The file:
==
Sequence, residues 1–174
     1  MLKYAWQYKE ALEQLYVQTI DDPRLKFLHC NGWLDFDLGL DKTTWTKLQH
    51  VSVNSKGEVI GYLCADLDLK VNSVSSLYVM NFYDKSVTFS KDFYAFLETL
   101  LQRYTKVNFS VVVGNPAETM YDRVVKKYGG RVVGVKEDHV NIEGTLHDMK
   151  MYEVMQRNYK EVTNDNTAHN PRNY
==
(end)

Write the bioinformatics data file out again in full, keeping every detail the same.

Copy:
Sequence, residues 1–174
     1  MLKYAWQYKE ALEQLYVQTI DDPRLKFLHC NGWLDFDLGL DKTTWTKLQH
    51  VSVNSKGEVI GYLCADLDLK VNSVSSLYVM NFYDKSVTFS KDFYAFLETL
   101  LQRYTKVNFS VVVGNPAETM YDRVVKKYGG RVVGVKEDHV NIEGTLHDMK
   151  MYEVMQRNYK EVTNDNTAHN PRNY